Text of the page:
The highlighted passage involves Lula's attempt to seduce Clay and to tempt him to indiscretions with her sensual dance.
Yet, even as Lula beckons Clay to join her, he remains resolute in his decision to reject her advances. Notice how Lula tries to goad Clay into displaying his rage by insulting him: "And that's how the blues was born. Ten little niggers sitting on a limb, but none of them ever looked like him. [Points to CLAY, returns toward the seat, with her hands extended for him to rise and dance with her." Her actions epitomize the racist belief that black men lack self-control and can be easily provoked to feral or brutish behavior.
Lula is the antithesis of Senta in Wagner's The Flying Dutchman. In The Fying Dutchman, it is supposedly Senta's purity and loyalty that saves the Dutchman from eternal sojourn on the seas. In his play, Leroi Jones turns this on its head: Lula exemplifies the worst of human nature. She personifies the racist colonial attitude that will doom someone like Clay to obscurity and degradation. Although Lula portrays herself as a savior of sorts, she is really a predator: "As she sings she rises from her seat, still throwing things out of her bag into the aisle, beginning a rhythmical shudder and twistlike wiggle, which she continues up and down the aisle, bumping into many of the standing people and tripping over the feet of those sitting. Each time she runs into a person she lets out a very vicious piece of profanity, wiggling and stepping all the time."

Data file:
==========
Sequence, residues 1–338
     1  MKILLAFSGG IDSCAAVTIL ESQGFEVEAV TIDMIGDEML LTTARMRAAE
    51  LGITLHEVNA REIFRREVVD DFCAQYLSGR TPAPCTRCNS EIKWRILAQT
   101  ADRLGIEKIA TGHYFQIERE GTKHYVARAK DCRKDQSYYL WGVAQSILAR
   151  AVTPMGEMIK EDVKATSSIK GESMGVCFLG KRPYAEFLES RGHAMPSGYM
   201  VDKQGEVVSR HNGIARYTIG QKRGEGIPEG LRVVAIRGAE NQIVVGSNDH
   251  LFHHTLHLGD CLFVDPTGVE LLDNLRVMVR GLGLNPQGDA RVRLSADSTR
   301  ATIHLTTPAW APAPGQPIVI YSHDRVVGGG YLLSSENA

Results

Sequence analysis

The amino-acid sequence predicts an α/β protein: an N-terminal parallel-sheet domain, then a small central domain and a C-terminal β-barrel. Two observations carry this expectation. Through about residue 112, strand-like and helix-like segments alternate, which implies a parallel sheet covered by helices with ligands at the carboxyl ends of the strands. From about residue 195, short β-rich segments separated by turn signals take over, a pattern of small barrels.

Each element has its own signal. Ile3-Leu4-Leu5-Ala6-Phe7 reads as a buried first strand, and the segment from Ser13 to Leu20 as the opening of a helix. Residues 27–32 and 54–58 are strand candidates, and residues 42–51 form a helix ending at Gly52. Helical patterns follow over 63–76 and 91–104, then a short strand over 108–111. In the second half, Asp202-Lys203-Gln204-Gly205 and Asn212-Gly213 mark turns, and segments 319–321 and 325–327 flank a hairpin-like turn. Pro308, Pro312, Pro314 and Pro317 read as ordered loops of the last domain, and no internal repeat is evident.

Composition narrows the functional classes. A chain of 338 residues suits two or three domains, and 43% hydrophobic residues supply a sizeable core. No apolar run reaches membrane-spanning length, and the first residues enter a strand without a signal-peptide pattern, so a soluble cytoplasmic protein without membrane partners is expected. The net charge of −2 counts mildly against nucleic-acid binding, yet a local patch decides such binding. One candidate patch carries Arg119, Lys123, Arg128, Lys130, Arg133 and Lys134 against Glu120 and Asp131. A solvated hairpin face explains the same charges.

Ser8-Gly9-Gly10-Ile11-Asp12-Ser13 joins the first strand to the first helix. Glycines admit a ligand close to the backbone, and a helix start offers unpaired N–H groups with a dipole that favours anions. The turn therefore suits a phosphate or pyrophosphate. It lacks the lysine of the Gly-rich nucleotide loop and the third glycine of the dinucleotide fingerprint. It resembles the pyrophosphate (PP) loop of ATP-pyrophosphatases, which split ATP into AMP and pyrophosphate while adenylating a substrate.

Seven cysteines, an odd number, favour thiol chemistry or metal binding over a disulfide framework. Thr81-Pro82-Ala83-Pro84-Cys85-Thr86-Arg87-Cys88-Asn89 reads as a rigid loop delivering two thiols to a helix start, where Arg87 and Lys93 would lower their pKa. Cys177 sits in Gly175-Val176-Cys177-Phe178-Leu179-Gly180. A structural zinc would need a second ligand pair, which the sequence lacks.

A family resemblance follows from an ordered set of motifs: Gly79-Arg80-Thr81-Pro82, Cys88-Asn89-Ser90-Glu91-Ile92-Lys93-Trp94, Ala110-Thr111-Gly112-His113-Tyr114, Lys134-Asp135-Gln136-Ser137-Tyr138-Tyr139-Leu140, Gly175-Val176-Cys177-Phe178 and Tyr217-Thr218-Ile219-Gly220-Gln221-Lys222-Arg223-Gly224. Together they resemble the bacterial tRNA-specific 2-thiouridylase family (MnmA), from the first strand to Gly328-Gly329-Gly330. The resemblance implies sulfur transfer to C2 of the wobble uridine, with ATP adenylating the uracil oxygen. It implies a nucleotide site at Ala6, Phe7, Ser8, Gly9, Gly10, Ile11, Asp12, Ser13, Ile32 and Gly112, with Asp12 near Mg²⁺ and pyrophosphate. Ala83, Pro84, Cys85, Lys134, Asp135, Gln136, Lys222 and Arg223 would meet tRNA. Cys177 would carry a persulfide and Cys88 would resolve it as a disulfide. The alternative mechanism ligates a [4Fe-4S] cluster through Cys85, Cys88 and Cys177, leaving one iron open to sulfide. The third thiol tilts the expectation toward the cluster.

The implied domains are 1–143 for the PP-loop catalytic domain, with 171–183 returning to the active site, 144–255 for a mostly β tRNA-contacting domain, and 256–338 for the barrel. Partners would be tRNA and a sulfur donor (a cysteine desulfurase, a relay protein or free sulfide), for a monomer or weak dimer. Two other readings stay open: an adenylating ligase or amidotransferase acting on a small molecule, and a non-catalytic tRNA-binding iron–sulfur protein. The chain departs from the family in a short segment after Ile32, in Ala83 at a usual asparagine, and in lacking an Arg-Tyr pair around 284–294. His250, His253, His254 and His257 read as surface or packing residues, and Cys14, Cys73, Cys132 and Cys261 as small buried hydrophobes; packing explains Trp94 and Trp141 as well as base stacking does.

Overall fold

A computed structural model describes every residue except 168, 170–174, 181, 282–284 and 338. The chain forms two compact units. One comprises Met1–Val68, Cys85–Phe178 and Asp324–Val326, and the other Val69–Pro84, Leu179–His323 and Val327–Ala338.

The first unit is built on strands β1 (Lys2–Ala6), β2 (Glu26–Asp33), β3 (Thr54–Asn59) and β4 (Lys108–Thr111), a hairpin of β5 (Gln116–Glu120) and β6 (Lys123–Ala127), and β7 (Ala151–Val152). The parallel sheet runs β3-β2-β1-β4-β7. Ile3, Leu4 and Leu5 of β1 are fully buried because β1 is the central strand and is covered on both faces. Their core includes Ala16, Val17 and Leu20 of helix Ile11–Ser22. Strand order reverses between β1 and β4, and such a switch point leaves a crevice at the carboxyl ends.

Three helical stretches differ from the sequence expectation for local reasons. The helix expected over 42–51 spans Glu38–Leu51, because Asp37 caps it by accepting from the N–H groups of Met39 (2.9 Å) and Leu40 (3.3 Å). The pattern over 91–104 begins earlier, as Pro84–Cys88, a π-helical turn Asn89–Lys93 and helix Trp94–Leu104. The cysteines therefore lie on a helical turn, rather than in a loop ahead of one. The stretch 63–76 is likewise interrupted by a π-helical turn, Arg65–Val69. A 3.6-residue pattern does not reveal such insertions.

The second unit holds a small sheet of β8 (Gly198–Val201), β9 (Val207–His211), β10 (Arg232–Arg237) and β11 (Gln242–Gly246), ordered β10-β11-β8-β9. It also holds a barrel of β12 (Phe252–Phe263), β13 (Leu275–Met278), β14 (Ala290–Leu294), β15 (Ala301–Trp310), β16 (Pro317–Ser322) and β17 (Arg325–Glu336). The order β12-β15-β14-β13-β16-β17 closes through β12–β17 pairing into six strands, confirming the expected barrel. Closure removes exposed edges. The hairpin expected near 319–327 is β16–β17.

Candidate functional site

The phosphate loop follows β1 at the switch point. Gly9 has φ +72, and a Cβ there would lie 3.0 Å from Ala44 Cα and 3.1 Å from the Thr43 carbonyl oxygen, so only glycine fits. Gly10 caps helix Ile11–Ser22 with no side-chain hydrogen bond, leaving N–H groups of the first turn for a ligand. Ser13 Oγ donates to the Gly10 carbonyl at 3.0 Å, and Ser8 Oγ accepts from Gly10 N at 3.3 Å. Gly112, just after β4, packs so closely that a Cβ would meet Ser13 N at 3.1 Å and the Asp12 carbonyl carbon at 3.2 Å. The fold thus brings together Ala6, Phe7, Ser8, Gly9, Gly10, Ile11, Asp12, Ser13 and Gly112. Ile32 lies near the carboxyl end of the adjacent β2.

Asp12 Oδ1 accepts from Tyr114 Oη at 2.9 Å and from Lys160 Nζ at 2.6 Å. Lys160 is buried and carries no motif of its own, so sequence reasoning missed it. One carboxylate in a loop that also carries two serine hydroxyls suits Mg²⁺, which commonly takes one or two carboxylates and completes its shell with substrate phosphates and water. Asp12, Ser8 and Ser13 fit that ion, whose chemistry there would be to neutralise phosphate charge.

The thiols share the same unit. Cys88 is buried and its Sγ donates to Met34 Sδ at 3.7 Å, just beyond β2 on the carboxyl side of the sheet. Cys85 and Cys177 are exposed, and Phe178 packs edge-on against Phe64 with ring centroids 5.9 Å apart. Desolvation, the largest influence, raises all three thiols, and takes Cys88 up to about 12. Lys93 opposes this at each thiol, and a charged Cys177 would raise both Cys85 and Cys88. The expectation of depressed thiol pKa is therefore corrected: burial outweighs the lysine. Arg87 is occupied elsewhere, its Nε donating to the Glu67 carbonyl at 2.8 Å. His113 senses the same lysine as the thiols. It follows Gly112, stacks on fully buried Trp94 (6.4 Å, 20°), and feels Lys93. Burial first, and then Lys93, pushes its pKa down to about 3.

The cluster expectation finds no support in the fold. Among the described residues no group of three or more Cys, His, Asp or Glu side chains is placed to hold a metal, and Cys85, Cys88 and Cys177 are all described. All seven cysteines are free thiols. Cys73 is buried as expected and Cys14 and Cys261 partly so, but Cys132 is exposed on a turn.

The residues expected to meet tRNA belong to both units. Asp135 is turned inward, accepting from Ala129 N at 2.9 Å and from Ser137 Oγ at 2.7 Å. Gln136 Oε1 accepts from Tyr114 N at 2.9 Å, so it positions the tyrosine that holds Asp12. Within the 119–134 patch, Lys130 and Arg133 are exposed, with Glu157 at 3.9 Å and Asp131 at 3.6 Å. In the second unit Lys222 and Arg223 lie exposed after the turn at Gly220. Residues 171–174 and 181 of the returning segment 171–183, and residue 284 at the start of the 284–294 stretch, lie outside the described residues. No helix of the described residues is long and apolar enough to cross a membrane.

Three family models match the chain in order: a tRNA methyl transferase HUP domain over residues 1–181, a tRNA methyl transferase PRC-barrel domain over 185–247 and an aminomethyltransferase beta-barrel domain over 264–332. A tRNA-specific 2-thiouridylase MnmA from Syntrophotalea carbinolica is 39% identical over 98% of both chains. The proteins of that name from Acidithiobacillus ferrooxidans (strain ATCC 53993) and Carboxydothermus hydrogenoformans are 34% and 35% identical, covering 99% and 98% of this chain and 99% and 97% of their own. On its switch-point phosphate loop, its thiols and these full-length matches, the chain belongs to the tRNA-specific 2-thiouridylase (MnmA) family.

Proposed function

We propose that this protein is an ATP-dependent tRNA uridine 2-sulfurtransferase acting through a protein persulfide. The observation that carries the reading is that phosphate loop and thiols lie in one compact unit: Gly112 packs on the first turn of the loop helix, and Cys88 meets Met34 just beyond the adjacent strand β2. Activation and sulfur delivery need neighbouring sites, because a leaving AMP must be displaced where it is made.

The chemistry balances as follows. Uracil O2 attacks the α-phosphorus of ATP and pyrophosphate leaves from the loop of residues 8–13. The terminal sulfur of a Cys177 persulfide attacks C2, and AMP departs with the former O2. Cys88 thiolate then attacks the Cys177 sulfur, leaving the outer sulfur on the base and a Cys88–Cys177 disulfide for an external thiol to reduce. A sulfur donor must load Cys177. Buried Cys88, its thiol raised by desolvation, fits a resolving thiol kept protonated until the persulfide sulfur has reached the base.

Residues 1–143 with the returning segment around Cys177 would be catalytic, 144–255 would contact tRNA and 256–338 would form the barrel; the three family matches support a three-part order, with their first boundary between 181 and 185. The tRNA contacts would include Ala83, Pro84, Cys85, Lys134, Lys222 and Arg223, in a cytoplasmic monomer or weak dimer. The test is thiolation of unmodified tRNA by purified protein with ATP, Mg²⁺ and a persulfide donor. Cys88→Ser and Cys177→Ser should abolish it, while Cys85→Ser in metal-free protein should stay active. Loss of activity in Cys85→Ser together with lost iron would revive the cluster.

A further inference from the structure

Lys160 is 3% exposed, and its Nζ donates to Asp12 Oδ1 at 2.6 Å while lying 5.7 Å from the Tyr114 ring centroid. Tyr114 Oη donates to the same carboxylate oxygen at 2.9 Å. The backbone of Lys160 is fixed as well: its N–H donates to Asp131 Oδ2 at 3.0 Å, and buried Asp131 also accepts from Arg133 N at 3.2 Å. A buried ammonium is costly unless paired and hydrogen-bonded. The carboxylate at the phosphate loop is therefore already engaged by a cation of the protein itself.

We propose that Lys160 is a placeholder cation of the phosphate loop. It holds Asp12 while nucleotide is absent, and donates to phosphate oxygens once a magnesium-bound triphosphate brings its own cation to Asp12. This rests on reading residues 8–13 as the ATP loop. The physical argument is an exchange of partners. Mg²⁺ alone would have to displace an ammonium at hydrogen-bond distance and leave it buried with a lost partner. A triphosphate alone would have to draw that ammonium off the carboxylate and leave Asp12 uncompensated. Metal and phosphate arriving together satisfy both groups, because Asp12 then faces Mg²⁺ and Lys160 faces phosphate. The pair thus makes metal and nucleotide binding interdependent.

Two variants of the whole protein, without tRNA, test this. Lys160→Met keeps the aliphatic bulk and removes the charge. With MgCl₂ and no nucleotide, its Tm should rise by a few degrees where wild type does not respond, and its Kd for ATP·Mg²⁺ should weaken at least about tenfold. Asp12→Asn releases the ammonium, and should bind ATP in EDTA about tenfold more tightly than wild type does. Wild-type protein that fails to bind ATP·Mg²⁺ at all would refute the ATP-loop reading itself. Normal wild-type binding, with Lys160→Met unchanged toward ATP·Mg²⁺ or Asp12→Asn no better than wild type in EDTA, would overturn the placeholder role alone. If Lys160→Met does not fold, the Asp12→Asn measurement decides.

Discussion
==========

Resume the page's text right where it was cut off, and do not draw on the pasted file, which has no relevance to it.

Lula manages to hide her intent for a time, but her true purposes are exposed towards the end of the play. Notice that Lula abuses every passenger along her path; she is equally dismissive of both the white and black passengers on the train. Her actions signify her intent to destroy anyone who refuses to bend to her will; Lula is a faux savior and is not to be trusted. She aims to goad Clay into displaying reckless behavior because her true objective is to destroy him. In the passage, her contempt for Clay is evident. Leroi Jones seems to be making the point that black men like Clay must look to themselves if they hope to achieve a measure of success in their lives.